He said that over the last decade, the conference has explored a plethora of themes, including: regional economic integration; building financial sector resilience in the Caribbean; financial stability, crisis preparedness and risk management in the Caribbean; financial stability debt and economic growth; and macro-prudential supervision, financial stability and monetary policy.
Jordan noted that these themes have all focused on the pressing issues of the day – issues with which the region has had to grapple in its quest for growth and development.
The theme for this year’s conference is entitled “Financial Development and Economic Growth”.
Issues of ‘financial development’ and ‘economic growth’, which, incidentally, have been at the centre of policy dialogue at all levels, have always been pressing ones for the region, said the Finance Minister.
He said that this is evidenced by the voluminous literature on the two subjects. The economist said that it, therefore, comes as no surprise that they, once again, will be gaining the attention of this distinguished group over the next three days.
Jordan said that sub-themes of this conference will cover areas such as: links between Financial Development and Economic Growth; Financial Development and Financial Stability; increasing Global Financial Integration and Financial Development; Financial Development and the Efficiency of the Savings/Investment Nexus; the Dimensions of financial Development; and economic Structure and Financial Stability.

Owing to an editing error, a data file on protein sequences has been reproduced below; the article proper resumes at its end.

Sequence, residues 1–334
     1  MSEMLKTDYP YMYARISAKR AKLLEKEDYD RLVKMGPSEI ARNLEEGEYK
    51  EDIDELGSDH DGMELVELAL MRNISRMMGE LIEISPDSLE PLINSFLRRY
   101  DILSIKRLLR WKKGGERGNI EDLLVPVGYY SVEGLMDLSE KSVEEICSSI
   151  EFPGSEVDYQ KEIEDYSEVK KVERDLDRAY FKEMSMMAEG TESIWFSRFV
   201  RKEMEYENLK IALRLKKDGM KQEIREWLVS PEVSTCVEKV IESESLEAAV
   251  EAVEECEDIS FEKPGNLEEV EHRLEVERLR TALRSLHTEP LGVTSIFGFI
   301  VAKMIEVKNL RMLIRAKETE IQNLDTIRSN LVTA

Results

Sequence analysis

He said that these are areas in which we have important policy challenges and I look forward to your discussions, leading to real solutions to the myriad problems being faced. He said however that he is confident that deliberations would be interesting and productive.
The Finance Minister said that the conference could trace its lineage to the creation of the Regional Programme of Monetary Studies (RPMS) in 1968 as a partnership between the central banks of CARICOM and the Universities of the West Indies and Guyana.
He noted that the birthing of the Regional Programme of Monetary Studies was to facilitate high quality research in monetary, financial and central banking issues in the region.
Jordan said that two of the original researchers in the Regional Programme of Monetary Studies are NICIL Chairman, Dr Maurice Odle and GuySuCo’s Chairman, Professor Clive Thomas. The list of Guyanese researchers also include Professor Compton Bourne and Dr. Havelock Brewster.
The Finance Minister said that over the years, the Programme has adapted and evolved, making it relevant to the current environment. He said that first, came the Caribbean Centre for Monetary Studies (CCMS), in May 1995, with a broader financial sector mandate. Then, in May 2008, the Caribbean Centre for Money and Finance (CCMF) was formally launched.
These changes he said, were in keeping with the trust to focus on research that is relevant and timely and with applicability to the region’s financial issues .